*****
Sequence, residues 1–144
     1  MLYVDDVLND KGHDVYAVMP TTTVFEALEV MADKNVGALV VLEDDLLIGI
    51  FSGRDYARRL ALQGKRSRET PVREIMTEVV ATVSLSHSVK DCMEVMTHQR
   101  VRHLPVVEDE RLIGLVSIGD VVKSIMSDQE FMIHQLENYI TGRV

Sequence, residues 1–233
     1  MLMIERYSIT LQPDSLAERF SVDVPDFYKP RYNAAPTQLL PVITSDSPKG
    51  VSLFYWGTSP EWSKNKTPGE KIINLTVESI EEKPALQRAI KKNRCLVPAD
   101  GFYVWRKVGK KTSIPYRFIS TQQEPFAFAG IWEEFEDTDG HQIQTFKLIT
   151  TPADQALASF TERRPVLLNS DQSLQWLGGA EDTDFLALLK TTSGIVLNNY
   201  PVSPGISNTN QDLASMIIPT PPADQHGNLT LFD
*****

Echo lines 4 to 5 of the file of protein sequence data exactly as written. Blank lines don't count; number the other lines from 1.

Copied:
   101  VRHLPVVEDE RLIGLVSIGD VVKSIMSDQE FMIHQLENYI TGRV

Sequence, residues 1–233